Sneakers with a message at YSHS
- Published: February 21, 2019
By Carla Steiger
During last year’s NFL season, players wore shoes decorated to promote each player’s favorite charity, bringing attention to the causes of cancer prevention, mental health awareness, clean water initiatives in Africa, and the education of low income children, among others. Hundreds of players participated, from teams that included the Cleveland Browns, the New England Patriots and the New York Jets.
Yellow Springs art teacher Emily Cormier, a former high school athlete herself, knows a good idea when she sees one. In response to the NFL project, she created “If You Were In My Shoes,” an effort in which YSHS advanced art students decorated the sneakers of YSHS basketball players to show the athletes’ support for their favorite causes.
The inspiration for the project was YSHS students’ own sense of individuality and self-expression, Cormier said.
“I love how here in Yellow Springs students’ individual voices are represented in what they wear,” she said in a recent interview.
Self-expression is critical and clothing is a great vehicle for expressing oneself, she believes. And the project is also an excellent reason to create art.
For YSHS Interim Principal Jack Hatert, the project is important because it allows athletes to promote social causes they believe in.
“We want our students to be change agents,” he said. “This project allows our athletes to do that, just by putting on these shoes and playing a game they enjoy in front of a gym full of fans.”
This basketball season fans will see a variety of causes promoted by “If You Were In My Shoes.” Andrew Clark requested a breast cancer theme from YSHS senior artist Jude Meekin, who painted a red breast cancer symbol on the front of Clark’s shoes and a white-to-magenta gradient on the side of the footwear. Meekin also designed shoes for Izzy Ellis that showcase inspirational sayings such as “Hate cannot drive out hate, only love can do that” from Dr. Martin Luther King, Jr.; “There is no limit to what we as women can accomplish” from Michelle Obama; and “Love is Love” to support the LGBTQ community.
The shoes of YSHS ninth-grader Aaliyah Longshaw display various Black Lives Matter themes, including the image of a raised black fist and the slogan,“Hands up, don’t shoot!”
“It really shows something about you, so people can see what you believe in,” Longshaw said.
Symbols of women and gender equality decorate the feet of Angie Smith, while Trey Anderson’s shoes will urge fans to “Save the Polar Bears.” And several basketball players chose themes related to climate change.
“First and foremost, our student athletes, their voice and opinions matter,” said YSHS Athletic Director Nate Baker in support of the project. “We are glad to come alongside them and give them a platform to express their opinions.”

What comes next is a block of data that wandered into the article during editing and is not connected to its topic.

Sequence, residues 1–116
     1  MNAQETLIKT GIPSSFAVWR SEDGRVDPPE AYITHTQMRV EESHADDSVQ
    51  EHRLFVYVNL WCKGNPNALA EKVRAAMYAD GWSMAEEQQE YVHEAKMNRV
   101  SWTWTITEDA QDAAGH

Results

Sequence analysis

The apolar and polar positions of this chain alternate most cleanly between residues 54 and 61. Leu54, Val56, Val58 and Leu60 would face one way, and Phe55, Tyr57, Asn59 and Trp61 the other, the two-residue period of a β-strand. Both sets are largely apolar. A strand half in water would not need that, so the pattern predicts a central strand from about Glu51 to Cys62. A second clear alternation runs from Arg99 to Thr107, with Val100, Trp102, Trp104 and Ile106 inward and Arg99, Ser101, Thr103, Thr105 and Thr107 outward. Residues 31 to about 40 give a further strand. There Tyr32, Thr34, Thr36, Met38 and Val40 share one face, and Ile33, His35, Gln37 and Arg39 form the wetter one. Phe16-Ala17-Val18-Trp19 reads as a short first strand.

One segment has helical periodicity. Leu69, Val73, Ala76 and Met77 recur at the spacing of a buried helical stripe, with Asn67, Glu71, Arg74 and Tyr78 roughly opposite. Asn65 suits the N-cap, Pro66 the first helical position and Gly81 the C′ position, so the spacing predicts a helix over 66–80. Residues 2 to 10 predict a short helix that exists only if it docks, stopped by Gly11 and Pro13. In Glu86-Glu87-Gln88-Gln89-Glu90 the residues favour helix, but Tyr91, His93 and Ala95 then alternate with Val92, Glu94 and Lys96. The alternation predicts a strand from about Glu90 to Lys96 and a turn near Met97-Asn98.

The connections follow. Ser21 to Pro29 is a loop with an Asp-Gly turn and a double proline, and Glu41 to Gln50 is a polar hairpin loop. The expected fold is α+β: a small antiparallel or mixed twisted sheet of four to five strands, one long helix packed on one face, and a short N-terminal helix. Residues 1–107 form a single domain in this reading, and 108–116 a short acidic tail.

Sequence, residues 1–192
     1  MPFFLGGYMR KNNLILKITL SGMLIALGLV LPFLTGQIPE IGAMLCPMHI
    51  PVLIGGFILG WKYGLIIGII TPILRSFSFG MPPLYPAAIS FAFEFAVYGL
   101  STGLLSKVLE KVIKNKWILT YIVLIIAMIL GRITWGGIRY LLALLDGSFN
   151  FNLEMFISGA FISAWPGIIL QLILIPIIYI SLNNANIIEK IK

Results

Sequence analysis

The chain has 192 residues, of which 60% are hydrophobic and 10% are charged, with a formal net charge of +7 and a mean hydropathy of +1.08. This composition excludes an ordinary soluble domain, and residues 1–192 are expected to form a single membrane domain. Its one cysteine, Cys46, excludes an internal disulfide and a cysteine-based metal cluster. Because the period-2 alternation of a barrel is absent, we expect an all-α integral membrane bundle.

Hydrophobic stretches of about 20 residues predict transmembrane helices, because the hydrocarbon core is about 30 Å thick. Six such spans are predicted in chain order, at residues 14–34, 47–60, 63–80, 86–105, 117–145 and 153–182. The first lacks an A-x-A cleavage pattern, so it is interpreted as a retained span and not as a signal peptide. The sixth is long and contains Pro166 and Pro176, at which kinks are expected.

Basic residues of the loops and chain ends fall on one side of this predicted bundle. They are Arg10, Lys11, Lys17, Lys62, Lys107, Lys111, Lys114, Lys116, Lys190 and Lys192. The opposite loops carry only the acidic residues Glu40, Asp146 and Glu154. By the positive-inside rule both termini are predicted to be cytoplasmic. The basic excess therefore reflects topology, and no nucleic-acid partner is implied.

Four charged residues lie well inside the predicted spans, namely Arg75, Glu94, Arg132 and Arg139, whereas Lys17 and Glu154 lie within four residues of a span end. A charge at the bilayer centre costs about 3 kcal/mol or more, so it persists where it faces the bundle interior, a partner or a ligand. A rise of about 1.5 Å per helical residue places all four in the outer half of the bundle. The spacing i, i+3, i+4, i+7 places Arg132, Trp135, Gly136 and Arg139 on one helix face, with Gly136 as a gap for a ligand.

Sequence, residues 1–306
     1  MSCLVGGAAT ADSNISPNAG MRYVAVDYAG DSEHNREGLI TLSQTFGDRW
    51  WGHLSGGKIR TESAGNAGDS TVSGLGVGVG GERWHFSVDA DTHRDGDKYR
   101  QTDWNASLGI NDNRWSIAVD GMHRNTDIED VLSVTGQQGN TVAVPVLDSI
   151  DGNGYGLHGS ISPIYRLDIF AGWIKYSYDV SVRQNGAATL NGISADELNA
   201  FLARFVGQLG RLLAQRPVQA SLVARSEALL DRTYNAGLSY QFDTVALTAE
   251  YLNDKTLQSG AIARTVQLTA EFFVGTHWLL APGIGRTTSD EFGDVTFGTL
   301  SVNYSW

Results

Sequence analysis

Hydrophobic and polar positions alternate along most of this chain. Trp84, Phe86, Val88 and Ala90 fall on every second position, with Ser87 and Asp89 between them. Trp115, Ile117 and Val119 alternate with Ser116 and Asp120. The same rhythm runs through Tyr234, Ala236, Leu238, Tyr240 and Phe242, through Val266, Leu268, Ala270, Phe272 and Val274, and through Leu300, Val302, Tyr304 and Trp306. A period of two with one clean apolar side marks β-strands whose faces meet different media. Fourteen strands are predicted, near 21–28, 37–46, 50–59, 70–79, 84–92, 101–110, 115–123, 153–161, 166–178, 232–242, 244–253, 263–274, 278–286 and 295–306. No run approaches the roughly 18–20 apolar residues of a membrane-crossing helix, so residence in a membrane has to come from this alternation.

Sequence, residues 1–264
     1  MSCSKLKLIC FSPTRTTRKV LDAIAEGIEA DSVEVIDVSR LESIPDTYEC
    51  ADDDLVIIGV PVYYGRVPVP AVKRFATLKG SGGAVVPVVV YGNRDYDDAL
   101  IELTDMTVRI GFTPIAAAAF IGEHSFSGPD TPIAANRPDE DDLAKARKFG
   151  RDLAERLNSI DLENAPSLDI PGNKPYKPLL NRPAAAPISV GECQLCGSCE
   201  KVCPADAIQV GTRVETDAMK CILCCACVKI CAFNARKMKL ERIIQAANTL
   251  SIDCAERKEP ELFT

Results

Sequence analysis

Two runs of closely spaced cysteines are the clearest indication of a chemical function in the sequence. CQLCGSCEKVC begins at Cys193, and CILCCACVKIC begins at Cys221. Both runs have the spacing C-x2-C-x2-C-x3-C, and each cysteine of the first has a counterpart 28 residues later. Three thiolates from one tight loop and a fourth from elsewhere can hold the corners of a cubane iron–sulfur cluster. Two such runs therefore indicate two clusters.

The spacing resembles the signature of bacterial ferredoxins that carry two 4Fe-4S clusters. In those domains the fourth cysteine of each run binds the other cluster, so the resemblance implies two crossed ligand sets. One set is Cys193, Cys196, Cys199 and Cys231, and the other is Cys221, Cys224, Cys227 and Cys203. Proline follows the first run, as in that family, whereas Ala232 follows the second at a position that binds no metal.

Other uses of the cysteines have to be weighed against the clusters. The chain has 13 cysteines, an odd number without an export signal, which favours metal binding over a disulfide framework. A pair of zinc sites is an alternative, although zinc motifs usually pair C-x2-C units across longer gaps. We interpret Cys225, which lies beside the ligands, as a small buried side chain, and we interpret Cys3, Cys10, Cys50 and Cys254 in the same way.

The idea for the project came to Cormier, a first-year YSHS teacher, from the Vans Custom Culture Shoe Customization Contest, in which high school students decorated shoes — based on themes selected by the company — to compete for scholarship money. Her desire to pursue such a project coalesced during a project-based learning, or PBL, training last summer.
Cormier first reached out to Principal Hatert and Athletic Director Baker, after which the three worked to get the project off the ground. They contacted representatives of BSN Sports in Cincinnati, the school’s athletic equipment provider, to ask them to contact Nike, due to that company’s support of controversial NFL player Colin Kaepernick, asking for a donation of shoes. The company not only agreed, but offered a matching donation for every pair of shoes purchased. Nike ended up donating 11 pairs of shoes and YSHS paid for an additional 11 pairs, enough for both the girls’ and boys’ basketball teams.
A large chunk of funding for the project, estimated at $2,700, came from the Yellow Springs Endowment for Education grant from the Yellow Springs Community Foundation, which donated $1,320.75. The Yellow Springs Human Rights Commission and The 365 Project made smaller grants toward the project.
Student artists involved in the project were enthusiastic.
“I’ve always really liked the idea of painting where you are not supposed to paint, such as on clothing,” YSHS Senior Jude Meekin said. She feels the project opened doors for her regarding the possibilities of art.
Junior Sumayah Chappelle, also in the advanced art class, enjoys fashion and the aesthetics of clothing, so she especially appreciated making art to be worn, using clothing as a platform for student creativity as well as athletes’ support for good causes. She created the decorations for the shoes of Haneefah Jones, a Muslim African-American student who wanted to express different aspects of her life. To do so, Chappelle and Jones designed an empowerment theme that incorporates both Spiderman and a woman in a hijab, along with the words “Bam” and “Boom.”
Other benefits of the project include that the art students tackled a difficult project, Cormier said, because it’s not easy to collaborate with a client to convey in a design that client’s chosen message.
“I think that my students found a new confidence in themselves as artists completing a project that was by no means easy,” she said.
Hatert is making sure that the project lives on at the school, having foam boards created with images from the project permanently displayed at the high school.
To Hatert, the “If You Were In My Shoes” project is a perfect example of students doing work that reflects the values of students and the community. And Nike executives, who received photos of the decorated sneakers, were “blown away” by the project, he said.
“How cool is it that our students were a topic for their discussion?” Hatert said.
*Steiger is a local artist and writer.
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